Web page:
Beyond the Panopticon:
Mass Imprisonment and the
Law, Culture and the Humanities
6 (3) 327–340 2010
In the 1970s and the 1980s, the role of the prison in modern society was seared into the imagination of the humanities by Michel Foucault’s treatment of the prison in Discipline and Punish: The Birth of the Prison; his genealogy of the modern “soul.” At a time when the social sciences had little to say about the nature of imprisonment as a specific historical practice (rather than a problem of social organization), the humanities helped define the prison as a contemporary problem.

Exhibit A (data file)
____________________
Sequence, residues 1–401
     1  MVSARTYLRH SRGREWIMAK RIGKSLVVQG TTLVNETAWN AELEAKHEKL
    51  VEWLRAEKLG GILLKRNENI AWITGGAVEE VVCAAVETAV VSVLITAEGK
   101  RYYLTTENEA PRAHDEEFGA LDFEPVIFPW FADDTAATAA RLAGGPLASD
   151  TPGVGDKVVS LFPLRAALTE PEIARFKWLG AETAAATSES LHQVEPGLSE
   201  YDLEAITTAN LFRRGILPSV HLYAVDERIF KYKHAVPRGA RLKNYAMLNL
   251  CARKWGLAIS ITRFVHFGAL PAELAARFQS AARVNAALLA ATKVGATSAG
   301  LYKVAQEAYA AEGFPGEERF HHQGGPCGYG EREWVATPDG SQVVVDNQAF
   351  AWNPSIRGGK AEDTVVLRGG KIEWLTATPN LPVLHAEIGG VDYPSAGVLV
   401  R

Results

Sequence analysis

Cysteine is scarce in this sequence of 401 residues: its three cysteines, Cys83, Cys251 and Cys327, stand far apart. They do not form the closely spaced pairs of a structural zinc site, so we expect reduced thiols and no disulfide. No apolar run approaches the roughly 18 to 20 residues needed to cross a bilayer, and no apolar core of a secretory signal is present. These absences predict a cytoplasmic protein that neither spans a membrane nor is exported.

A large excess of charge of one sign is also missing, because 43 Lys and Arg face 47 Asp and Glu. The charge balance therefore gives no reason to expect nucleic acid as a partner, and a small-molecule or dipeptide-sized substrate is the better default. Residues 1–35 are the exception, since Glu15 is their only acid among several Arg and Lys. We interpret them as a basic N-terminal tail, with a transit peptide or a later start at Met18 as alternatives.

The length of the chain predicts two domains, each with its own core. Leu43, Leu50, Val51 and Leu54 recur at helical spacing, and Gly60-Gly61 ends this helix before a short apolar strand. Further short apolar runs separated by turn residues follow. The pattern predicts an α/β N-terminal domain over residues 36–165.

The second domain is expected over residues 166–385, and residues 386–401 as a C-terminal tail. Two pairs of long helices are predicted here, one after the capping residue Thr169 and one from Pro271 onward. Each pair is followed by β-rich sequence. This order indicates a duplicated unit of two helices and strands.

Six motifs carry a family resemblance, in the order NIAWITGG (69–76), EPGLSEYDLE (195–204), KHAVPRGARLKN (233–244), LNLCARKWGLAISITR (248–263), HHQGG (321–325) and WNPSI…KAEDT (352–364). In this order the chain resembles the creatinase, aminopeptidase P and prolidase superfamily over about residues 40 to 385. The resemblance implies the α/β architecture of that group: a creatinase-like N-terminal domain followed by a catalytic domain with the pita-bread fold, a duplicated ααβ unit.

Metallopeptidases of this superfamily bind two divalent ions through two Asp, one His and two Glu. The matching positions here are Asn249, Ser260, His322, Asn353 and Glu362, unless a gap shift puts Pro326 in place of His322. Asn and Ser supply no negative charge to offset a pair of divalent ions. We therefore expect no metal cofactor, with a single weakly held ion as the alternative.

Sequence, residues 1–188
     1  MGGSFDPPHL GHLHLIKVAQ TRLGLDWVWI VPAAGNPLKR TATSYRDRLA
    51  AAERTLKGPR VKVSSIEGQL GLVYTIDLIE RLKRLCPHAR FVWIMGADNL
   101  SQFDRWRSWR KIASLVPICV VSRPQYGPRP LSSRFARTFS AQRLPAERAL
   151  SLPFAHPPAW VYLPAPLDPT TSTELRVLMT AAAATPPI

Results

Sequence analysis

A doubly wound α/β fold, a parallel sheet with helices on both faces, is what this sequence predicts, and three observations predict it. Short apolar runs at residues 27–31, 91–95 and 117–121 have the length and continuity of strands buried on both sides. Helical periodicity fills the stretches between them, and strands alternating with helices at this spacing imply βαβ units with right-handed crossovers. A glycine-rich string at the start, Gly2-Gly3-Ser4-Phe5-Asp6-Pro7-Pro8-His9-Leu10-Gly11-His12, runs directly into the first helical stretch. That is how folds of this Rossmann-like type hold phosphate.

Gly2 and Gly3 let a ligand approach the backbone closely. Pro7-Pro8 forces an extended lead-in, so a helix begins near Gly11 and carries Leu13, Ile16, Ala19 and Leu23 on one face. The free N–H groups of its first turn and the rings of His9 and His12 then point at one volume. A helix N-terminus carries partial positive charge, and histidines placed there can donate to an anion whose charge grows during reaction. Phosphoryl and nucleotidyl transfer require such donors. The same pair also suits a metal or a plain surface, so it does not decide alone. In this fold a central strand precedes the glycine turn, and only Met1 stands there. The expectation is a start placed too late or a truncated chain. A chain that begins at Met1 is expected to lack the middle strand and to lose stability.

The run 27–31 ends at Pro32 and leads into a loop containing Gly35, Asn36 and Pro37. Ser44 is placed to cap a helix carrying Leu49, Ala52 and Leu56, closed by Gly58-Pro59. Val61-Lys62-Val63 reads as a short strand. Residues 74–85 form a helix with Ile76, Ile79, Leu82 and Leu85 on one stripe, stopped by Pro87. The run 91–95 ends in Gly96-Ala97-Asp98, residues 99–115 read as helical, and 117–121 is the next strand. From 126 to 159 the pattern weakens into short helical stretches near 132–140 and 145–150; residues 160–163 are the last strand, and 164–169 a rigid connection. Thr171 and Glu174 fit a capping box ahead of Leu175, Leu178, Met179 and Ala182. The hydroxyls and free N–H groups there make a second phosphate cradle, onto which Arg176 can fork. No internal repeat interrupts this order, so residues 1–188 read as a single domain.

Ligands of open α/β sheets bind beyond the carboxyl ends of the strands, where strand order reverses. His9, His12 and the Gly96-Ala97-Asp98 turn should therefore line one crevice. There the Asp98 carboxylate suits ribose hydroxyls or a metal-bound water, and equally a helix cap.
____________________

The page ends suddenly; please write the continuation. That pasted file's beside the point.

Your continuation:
During this era, ironically, a new model of imprisonment was arising, one based on the mass
imprisonment of whole demographic categories of the population rather than the disciplinary
investment of the deviant individual. The scale of imprisonment has arisen by more than five fold.
Unfortunately the humanities and cultural studies have been slow to reckon with the nature of
mass imprisonment. While a new wave of social science scholarship, partially inspired by the earlier work of the humanities, is engaging the topic, the absence of the humanities, especially their critical and normative edge, is significant.